Celebrating the New Year in Japan

The New Year or Shōgatsu is Japan’s most important holiday. Many Japanese businesses close during this time so people can spend time with their families. There are a number of festivities to look forward to for visitors planning on coming to Japan this time of the year.

Capping of the year

New Year’s Eve traditions in Japan include watching Kōhaku, an annual New Year’s Eve television special.

New Year at Epcot, Japan. | Jeff Krause

The show has been broadcasting since 1951. The program divides the most popular musical artists of the year into competing teams. At the end of the show, judges and the audience vote to decide which group performed better and id proclaimed the winner. In recent years, countdown parties have become more common in the larger cities of Japan.

Traditional New Year’s feast

The tradition New Year’s food in Japan is osechi-ryōri . This tradition began on New Year in Japan during the Heian Period (794-1185). Osechi are similar to bento meals, only they are in more elaborate special boxes called jūbako. The traditional osechi-ryōri  dishes are served in elegant three- or four-layered laquer jubako boxes and are placed at the center of the table on New Year’s Eve and remain there until the 1st of January. The food is shared with family and friends. Each item of osechi-ryōri represents a particular wish for the next year.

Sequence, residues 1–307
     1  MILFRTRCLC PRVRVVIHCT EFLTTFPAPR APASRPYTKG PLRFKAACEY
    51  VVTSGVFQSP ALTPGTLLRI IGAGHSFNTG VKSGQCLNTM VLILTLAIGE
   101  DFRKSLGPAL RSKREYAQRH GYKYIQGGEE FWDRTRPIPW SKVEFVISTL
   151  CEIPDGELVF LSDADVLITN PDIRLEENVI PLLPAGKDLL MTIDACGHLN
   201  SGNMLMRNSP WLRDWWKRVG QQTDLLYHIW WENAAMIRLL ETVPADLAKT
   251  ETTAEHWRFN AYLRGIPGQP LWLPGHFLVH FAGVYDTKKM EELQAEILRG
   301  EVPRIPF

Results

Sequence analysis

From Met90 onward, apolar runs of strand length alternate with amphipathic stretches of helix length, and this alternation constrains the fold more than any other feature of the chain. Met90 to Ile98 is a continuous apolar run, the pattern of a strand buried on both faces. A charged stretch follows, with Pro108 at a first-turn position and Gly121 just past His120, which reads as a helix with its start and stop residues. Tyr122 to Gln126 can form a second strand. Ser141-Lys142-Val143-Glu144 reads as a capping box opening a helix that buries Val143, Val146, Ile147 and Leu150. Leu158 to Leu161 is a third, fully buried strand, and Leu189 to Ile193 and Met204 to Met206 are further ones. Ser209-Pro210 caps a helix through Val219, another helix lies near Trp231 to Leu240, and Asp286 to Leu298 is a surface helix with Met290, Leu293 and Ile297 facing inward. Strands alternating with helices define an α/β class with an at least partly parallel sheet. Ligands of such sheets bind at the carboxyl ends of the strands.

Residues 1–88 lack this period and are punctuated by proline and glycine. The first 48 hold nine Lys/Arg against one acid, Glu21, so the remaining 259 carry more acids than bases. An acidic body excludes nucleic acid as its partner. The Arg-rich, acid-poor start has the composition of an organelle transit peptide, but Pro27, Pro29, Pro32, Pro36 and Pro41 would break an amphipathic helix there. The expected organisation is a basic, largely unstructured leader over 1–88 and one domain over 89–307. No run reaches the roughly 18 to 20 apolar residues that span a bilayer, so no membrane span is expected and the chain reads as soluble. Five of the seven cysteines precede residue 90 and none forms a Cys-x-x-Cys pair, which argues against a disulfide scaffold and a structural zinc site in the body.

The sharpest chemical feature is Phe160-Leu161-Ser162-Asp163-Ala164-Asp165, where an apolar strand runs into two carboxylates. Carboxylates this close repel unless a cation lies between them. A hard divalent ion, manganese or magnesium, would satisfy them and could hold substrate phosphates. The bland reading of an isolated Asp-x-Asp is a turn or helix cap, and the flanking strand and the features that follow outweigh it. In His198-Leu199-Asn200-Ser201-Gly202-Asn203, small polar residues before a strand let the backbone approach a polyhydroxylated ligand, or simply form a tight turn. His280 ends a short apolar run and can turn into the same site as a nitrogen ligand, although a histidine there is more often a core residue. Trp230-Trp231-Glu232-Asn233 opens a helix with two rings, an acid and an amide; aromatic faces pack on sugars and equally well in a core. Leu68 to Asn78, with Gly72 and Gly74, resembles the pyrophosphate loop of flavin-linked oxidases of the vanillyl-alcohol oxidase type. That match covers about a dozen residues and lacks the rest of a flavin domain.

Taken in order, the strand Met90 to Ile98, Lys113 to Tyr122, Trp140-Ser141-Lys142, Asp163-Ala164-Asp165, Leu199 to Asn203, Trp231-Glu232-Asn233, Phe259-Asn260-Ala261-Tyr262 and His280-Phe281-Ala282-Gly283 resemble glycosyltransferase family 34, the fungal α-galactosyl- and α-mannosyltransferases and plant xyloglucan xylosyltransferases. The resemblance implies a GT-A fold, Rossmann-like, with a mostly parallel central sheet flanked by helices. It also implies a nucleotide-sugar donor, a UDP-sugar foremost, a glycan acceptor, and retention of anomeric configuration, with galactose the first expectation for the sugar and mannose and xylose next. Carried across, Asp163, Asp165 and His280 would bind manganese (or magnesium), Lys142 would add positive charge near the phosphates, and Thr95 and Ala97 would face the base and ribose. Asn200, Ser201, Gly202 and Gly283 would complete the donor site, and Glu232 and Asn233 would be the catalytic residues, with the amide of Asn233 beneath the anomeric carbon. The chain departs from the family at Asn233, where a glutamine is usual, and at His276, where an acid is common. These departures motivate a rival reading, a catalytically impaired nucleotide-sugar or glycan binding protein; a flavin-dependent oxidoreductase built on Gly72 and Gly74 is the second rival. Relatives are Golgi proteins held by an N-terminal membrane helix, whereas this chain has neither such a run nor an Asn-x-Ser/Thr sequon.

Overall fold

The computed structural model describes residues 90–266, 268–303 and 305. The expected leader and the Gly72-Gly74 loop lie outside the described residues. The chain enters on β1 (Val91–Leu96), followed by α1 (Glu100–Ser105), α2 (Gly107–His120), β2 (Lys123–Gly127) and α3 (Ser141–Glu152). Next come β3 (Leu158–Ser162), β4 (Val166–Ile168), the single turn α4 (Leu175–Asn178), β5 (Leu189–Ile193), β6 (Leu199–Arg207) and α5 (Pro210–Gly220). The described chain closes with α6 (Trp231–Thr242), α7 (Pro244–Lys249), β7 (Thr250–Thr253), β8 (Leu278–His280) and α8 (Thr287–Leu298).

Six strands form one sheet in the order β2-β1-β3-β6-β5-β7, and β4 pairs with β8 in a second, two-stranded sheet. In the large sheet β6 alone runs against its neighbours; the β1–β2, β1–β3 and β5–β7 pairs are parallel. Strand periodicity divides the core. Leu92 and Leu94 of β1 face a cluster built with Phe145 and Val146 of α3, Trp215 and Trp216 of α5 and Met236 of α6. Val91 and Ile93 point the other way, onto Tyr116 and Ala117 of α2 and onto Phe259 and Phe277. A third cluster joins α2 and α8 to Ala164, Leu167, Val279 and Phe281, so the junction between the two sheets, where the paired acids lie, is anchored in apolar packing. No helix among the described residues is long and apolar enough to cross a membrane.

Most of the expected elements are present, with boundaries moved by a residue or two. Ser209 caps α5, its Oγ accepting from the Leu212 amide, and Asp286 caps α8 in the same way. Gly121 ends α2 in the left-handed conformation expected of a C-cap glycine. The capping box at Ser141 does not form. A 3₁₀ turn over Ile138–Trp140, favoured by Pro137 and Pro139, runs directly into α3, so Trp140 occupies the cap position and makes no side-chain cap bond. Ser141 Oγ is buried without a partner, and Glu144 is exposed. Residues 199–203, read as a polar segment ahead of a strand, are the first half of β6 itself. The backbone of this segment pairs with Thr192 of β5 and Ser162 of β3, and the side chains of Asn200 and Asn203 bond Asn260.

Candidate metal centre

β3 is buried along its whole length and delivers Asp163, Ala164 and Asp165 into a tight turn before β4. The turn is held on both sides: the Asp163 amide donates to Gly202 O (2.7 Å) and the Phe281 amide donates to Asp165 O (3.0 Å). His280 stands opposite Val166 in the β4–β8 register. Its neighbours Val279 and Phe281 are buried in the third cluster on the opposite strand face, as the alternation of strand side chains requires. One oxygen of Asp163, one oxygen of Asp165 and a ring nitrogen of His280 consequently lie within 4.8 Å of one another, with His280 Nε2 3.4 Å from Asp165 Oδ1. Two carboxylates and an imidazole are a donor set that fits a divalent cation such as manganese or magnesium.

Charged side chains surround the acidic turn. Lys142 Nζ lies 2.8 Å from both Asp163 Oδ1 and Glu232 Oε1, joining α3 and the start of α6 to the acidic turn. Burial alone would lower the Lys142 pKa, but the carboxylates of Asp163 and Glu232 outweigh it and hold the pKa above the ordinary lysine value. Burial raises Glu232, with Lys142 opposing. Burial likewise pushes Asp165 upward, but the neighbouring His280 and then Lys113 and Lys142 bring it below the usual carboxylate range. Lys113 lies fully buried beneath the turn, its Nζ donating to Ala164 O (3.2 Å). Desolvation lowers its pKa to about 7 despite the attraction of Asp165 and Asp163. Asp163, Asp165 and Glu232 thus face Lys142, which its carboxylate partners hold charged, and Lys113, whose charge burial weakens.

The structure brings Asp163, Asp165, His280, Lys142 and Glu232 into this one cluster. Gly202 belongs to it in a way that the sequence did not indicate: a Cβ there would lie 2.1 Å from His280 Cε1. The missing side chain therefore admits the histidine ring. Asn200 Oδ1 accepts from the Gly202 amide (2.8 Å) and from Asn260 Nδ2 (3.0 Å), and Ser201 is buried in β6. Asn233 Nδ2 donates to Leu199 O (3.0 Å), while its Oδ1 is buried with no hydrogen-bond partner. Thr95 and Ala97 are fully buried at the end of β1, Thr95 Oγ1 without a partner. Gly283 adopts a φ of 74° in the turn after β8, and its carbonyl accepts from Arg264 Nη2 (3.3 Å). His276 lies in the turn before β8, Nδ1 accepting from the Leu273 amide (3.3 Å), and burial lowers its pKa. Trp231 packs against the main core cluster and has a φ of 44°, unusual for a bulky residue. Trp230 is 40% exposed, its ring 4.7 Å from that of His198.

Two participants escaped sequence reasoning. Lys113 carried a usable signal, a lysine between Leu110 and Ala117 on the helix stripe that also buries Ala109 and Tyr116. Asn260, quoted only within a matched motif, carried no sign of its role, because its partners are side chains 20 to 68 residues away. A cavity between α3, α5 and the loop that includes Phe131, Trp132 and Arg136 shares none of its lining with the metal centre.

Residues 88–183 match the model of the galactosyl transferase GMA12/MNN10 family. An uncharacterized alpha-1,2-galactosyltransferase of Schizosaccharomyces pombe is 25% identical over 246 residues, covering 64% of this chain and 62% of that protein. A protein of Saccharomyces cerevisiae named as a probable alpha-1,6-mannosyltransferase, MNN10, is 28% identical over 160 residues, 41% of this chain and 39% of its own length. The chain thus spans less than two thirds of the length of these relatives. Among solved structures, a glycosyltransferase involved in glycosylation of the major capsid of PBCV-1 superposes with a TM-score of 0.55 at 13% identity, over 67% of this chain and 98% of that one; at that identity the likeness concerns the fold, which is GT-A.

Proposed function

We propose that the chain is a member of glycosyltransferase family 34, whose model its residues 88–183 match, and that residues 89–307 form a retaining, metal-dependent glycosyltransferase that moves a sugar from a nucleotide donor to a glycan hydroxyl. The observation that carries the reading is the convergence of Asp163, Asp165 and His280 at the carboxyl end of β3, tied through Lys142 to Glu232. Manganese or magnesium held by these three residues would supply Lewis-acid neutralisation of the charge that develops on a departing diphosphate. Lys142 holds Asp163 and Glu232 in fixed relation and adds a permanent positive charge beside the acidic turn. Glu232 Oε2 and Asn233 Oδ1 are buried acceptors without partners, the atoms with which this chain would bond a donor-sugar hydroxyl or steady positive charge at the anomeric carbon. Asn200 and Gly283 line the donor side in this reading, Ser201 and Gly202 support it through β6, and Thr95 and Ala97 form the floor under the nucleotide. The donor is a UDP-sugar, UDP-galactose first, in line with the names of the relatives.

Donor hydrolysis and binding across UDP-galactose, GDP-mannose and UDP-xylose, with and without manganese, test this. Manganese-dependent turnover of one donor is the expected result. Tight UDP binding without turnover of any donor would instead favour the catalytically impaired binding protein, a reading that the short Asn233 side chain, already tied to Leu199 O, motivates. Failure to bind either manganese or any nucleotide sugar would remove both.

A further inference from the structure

The first temple visit of the year

The first trip to a shrine or temple in the new year is known as Hatsumōde These sacred places are crowded during New Year’s Eve and the next few days.

First temple visit, Japan. | Aaron G.

Visitors dress up in kimonos if weather permits. Popular shrines around Japan have a festive atmosphere with food stands and crowds gathering for their first visit to a shrine or temple for the year.

Lucky charms for the New Year!

Lucky charms are a huge part of Japanese religion and culture. Engimono are lucky charms often given out at New Year events at temples and shrines all around Japan. These lucky charms offer wishes for good luck in harvest, business, health, love, and the like. Many engimono have been passed down over the years. Engimono make popular souvenirs or gift items from a particular area of Japan.

Emperor’s New Year Greeting

Emperor Naruhito, who over the years has already assumed some of his father’s duties, succeeded his father on the 1st of May, 2019 becoming the 126th Emperor to ascend to Japan’s Chrysanthemum Throne.

Emperor’s New Year greeting. | Dick Thomas Johnson

The traditional New Year greeting by the Imperial Family from the long balcony of the Chowaden Hall is on the 2nd of January each year with five appearances during the course of the day:

10:10 am: 1st Appearance

11:00 am: 2nd Appearance

11:50 am: 3rd Appearance

1:30 pm: 4th Appearance

2:20 pm: 5th Appearance